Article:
Environmental science and sustainability courses address the challenge of balancing short-term human needs with the long-term health of environmental systems. Topics include conservation, environmental policy, agriculture, sustainability, pollution, and climate change....
Frequently Asked Questions about Environmental Science and Sustainability
Environmental science is the study of how the various physical, biological, chemical, and meteorological factors interact within a given environment, as well as how these factors impact the organisms living within it - including human beings. It can be easy to forget in our increasingly modern, technology-mediated world, but balancing human needs with the preservation of a sustainable natural environment is incredibly important to our health, our psychological well-being, and the day-to-day functioning of the global economy.
On a local scale, having clean air to breathe and water to drink is something we take for granted, but the safety of these essential resources can be threatened by particulate emissions from factories and diesel trucks, as well as toxic pollution from chemical plants. And on a planetary scale, the extreme weather and natural disasters caused by global warming threaten to upend many of the agricultural and livestock systems we depend on for food, as well as coastal real estate markets that are valued at $1 trillion in the United States alone.
Because environmental science connects the dots between the myriad human and natural factors interacting in the environment, it is an interdisciplinary subject that can be studied from many different angles. Experts from the physical sciences such as biology and chemistry offer essential knowledge of the ways in which different pollutants affect human and animal health. At the same time, the background of social scientists such as anthropologists and economists can provide critical inputs into how various human systems respond to environmental pressures, as well as how these systems can contribute to environmental sustainability.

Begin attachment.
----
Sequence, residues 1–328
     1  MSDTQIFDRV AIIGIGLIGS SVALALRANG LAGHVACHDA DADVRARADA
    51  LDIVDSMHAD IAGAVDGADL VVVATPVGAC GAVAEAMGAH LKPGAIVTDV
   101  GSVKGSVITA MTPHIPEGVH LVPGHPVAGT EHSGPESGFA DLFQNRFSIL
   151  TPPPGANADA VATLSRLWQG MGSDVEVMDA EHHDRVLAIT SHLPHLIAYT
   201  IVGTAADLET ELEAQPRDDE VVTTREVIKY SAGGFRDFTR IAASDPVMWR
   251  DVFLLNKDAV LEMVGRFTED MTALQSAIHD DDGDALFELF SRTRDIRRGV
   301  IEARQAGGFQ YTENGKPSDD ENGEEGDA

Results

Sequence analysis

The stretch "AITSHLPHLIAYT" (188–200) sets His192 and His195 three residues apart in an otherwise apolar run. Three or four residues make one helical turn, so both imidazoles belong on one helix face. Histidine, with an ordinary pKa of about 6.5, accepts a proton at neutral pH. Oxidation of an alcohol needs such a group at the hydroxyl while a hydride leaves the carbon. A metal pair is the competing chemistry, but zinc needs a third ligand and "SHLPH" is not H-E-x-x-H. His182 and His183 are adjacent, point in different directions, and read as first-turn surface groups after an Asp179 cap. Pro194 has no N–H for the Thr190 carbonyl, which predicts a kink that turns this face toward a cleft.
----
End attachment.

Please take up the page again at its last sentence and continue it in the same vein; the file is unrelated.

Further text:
Environmental science is also obviously important if your primary concern is the non-human world. By providing guidance on how to preserve the proper functioning of natural ecosystems, it helps to ensure sustainable habitats for the biodiverse flora and fauna of our world. Thus, environmental science is a vital field of study whether you want to protect the natural environment from being damaged by human activities or protect the human world from risks in the environment.
Because environmental science studies the interactions between the human and natural worlds, it is an inherently interdisciplinary subject that offers pathways to a wide range of careers. A background in environmental science can help professionals bring an environmental lens to bear on their existing role, or it can lead to jobs focused entirely on this area of study.
If you are pursuing a career in law and want to focus on cases establishing culpability for the health impacts of air or water pollution, or want to work on the development of environmental laws and regulations, an environmental science background can help you become an environmental lawyer. If you’re an engineer responsible for the design and construction of buildings, factories, or power plants, a background in environmental science can help you become an environmental engineer capable of ensuring these facilities meet all applicable pollution standards.